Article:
There is a very interesting article published in the July issue of the Journal of Exotic Pet Medicine. It is (as far as I know) the first scientific study done on Spider morph ball pythons.

The article is far too in depth to include here but they did conclude that “Although further research is necessary for improved understanding, there is clear potential for significant welfare compromises to result from artificial breeding selection of reptiles.”

For those interested:

Rose, Mark P., BSc, MSc, CBiol, MSB, and David L. Williams, Ma, VetMD, PhD, CertVOphthal, CertWEL, FHEA, FSB, FRCVS. “Neurological Dysfunction in a Ball Python (Python Regius) Colour Morph and Implications for Welfare.” Journal of Exotic Pet Medicine 23.3 (2014): 234-39. Print.

Guaranteed basic income to every citizen, whether or not they are employed to ensure their survival and that they live in a dignified, humane way, preventing poverty, illness, homelessness, reducing crime, encouraging higher education and learning vocations as well as helping society become more prosperous as a whole. 

People who dismiss the unemployed and dependent as ‘parasites’ fail to understand economics and parasitism. A successful parasite is one that is not recognized by its host, one that can make its host work for it without appearing as a burden. Such is the ruling class in a capitalist society.
—  Jason Read
Watch on of-blood-and-chocolate.tumblr.com

"When you look at what this government is proposing to do to the young people of Australia, what you have is a group of privileged, older, white men who have benefited from a free education, who have benefited from universal healthcare, who have been the beneficiaries of a generous social safety net saying ‘We had it good… but stuff you. You’re not. We are going to make sure that our prosperity will be had off your shoulders.’

And that’s what i’m most aggrieved about. How is it that a young person, who finds themself unemployed, is ineligible to get support for six months? What on Earth are they supposed to do? How do they feed themselves? How do they pay their rent? How do they pay for transport? How do they clothe themselves? I simply don’t get it. I understand there is a narrow, brutal, ideological world view out there, but it is a world view that effects the lives of young people right across the country. Over 700 000 people will be affected by the changes to Newstart.”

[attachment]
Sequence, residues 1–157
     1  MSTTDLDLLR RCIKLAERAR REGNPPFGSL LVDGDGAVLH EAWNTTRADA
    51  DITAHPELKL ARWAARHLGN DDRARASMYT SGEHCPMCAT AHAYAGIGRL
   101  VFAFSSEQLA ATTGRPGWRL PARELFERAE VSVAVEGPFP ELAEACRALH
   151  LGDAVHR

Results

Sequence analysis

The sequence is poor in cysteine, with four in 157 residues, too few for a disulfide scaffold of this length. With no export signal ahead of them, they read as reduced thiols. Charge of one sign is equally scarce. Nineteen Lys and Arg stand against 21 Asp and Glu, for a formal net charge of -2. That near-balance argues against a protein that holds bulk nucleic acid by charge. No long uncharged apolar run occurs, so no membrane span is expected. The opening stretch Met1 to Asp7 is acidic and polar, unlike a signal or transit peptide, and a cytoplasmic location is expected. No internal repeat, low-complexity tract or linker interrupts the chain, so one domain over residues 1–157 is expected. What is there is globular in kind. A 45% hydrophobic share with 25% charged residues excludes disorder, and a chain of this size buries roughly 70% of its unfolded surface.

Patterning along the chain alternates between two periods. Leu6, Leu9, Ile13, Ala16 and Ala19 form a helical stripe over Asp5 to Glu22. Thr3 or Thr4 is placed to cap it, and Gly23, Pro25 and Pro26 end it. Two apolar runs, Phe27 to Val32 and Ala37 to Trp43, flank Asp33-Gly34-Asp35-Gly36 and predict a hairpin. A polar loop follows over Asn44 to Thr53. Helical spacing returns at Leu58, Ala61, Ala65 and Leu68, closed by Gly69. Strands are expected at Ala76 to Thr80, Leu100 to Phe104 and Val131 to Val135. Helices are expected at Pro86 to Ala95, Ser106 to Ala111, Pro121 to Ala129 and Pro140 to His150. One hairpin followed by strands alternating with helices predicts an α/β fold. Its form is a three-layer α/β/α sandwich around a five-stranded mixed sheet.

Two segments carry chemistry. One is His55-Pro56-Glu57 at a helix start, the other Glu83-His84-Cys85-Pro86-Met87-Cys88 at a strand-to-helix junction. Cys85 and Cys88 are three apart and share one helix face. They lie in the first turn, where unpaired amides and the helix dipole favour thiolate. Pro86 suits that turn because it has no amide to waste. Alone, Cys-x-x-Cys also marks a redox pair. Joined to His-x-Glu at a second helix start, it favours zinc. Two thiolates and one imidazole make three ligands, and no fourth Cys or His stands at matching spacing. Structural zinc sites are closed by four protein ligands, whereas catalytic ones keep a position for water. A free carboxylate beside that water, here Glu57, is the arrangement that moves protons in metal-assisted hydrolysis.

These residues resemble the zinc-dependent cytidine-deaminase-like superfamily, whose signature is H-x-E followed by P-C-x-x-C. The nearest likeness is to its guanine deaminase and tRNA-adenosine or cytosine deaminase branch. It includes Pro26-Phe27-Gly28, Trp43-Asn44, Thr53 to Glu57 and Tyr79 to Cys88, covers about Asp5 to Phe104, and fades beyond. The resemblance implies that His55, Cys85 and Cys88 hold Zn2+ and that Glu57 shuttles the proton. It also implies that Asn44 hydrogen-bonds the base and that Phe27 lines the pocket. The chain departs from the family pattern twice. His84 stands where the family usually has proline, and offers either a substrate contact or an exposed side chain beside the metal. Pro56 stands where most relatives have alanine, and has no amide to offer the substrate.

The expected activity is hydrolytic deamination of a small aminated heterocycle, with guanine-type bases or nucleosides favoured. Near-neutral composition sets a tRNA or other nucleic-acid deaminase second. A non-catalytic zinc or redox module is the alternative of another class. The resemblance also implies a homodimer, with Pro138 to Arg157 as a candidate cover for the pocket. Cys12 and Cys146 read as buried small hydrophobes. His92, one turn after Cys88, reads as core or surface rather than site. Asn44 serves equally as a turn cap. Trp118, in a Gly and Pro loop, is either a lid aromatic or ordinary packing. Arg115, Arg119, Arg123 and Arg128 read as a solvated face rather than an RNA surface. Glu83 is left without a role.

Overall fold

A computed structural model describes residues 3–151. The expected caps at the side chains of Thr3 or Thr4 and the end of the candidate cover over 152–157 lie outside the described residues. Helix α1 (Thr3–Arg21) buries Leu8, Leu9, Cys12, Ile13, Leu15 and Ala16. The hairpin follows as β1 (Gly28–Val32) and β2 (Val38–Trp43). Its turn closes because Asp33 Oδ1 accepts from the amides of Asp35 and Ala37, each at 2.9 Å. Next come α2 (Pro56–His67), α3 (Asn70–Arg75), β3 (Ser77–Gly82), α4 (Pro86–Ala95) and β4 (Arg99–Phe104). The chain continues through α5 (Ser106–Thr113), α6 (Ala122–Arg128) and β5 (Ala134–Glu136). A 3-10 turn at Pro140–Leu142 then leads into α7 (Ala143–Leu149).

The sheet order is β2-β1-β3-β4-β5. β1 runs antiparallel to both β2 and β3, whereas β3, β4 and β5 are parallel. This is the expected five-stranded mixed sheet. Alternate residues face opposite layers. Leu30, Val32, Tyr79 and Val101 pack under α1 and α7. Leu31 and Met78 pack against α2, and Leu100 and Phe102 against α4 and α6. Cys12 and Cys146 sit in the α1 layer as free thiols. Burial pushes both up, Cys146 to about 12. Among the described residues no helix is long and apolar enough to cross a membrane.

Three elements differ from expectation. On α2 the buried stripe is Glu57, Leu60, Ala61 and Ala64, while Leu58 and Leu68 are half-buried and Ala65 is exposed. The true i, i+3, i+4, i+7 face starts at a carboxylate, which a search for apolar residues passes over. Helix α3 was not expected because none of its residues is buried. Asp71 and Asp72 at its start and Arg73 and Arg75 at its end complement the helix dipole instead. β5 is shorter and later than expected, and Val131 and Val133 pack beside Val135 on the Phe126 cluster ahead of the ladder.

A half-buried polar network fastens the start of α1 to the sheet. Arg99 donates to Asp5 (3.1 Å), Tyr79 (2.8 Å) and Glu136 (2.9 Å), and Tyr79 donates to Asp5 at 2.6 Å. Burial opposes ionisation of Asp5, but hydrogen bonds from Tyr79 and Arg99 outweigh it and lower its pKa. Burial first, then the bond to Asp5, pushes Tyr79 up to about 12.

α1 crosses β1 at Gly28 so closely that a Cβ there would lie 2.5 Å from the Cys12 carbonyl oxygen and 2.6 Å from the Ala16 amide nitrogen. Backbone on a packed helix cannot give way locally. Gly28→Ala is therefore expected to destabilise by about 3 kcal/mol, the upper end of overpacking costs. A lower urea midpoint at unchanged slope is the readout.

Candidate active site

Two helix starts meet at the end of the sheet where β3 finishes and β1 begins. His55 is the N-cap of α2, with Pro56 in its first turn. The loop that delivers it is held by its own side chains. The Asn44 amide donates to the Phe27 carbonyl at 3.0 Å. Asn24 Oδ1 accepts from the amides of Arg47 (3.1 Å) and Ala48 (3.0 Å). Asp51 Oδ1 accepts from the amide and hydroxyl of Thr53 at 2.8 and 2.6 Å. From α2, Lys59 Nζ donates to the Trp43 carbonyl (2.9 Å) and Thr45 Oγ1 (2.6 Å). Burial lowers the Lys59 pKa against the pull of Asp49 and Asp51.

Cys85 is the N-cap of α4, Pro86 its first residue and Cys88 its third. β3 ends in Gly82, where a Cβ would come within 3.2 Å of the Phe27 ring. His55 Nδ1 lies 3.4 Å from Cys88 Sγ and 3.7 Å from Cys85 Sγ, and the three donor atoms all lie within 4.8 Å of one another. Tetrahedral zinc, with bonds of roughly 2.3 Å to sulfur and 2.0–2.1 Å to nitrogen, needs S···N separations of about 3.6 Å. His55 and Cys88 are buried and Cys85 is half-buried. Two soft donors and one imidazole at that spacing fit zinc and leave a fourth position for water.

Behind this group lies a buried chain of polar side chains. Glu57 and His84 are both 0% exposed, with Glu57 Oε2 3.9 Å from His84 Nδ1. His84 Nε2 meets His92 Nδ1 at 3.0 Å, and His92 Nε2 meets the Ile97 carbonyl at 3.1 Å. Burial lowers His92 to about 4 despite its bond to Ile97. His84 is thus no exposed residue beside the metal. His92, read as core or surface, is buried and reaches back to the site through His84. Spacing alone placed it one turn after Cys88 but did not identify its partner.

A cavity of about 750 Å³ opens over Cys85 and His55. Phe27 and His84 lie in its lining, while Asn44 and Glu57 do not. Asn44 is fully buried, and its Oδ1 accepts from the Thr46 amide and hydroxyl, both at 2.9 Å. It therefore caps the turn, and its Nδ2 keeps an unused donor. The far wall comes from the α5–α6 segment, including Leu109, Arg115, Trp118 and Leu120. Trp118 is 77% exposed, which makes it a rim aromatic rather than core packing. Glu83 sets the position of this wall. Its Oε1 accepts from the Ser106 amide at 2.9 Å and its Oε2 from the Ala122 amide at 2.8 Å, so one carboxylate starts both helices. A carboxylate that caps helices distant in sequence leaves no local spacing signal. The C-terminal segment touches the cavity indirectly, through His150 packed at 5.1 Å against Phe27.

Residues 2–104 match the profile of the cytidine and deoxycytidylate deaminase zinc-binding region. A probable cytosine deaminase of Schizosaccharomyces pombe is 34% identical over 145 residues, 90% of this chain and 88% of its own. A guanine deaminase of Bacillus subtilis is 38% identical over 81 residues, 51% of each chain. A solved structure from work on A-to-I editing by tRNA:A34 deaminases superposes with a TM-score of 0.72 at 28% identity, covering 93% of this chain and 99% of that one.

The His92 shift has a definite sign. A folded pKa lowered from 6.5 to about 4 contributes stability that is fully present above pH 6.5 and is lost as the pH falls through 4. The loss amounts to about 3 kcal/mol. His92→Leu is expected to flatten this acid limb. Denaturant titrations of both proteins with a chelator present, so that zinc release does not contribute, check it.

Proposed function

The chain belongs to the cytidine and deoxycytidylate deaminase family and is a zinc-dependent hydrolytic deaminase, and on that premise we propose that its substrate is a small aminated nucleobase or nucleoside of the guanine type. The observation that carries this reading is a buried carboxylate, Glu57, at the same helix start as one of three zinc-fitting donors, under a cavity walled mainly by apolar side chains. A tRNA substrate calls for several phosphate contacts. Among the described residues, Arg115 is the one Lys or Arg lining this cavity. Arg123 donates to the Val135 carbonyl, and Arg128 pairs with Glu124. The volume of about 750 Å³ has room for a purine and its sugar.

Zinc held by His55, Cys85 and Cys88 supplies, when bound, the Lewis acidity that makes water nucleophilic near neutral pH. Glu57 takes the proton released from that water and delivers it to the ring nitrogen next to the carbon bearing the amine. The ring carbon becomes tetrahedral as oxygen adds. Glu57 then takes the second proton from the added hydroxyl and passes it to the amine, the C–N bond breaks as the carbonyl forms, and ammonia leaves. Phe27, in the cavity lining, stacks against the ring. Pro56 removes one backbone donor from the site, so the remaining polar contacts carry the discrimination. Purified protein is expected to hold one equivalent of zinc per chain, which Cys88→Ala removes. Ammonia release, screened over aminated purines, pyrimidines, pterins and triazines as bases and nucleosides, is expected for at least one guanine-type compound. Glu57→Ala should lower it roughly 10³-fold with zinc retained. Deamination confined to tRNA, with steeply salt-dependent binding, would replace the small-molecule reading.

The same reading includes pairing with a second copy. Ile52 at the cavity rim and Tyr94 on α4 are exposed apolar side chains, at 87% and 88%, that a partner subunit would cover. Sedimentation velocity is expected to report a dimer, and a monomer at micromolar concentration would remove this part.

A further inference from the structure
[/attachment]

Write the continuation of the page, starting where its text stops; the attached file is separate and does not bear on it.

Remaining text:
There are currently only 38 537 jobs on the Australian Jobsearch website. Just to give a little context.

I love conservative rhetoric.

"if you can’t afford kids stop having them, but abortions are bad, and health insurance shouldn’t cover birth control or plan b, and welfare is awful, and raising the minimum wage so you can afford to live without requiring welfare and food stamps is socialism!"

When Washington residents voted in 1998 to raise the state’s minimum wage and link it to the cost of living, opponents warned the measure would be a job-killer. The prediction hasn’t been borne out.

WHAT??? You mean putting more money into the hands of the middle class may actually increase disposable income which may actually increase consumption of goods which may increase demand which may increase employment?????

Mind.Blown.

Low-income people are often criticised for making ‘poor decisions’ in the eyes of observers who think they have a better understanding of how poor people should live their lives, prioritise their spending, and live within their own communities. Yet, these criticisms are often made with a lack of understanding about how income levels influence decisionmaking, and how certain habits can become ingrained even after years; if you have lived with insecurity at some point, you are likely to continue to retain habits that reflect the experience of financial insecurity, even if those habits are actually detrimental to saving money, developing more independence, and living securely.

The thing about being poor is that it requires a radically different approach to life, and one that often doesn’t involve a long-term view, because you can’t afford to take such a view. When poor people are criticised for ‘bad decisions,’ it’s often for things like not buying in bulk (the econopack problem rides again), not renting more affordable housing (yes, because people choose to live in expensive rentals), not buying things that are more expensive in the short term but pay off in the long term (‘why keep buying crappy $20 shoes when you could buy a $100 pair of long-lasting shoes?’). So many of these judgments involve how poor people use their money, and they betray a fundamental lack of understanding about some basic facts of being poor.

When you are poor, you do not have savings, money in reserve, or a safety cushion in your bank account. It’s not that you’re being cheap and refusing to buy those $100 shoes, it’s that you have $35 in your bank account until next pay day, and your child needs shoes today. You don’t have access to credit, and if you did and chose to put those better shoes on a credit card, you wouldn’t be able to pay them off anyway, because most of your next paycheque is already allocated to expenses like rent and utilities that must be paid immediately (and in some cases are overdue).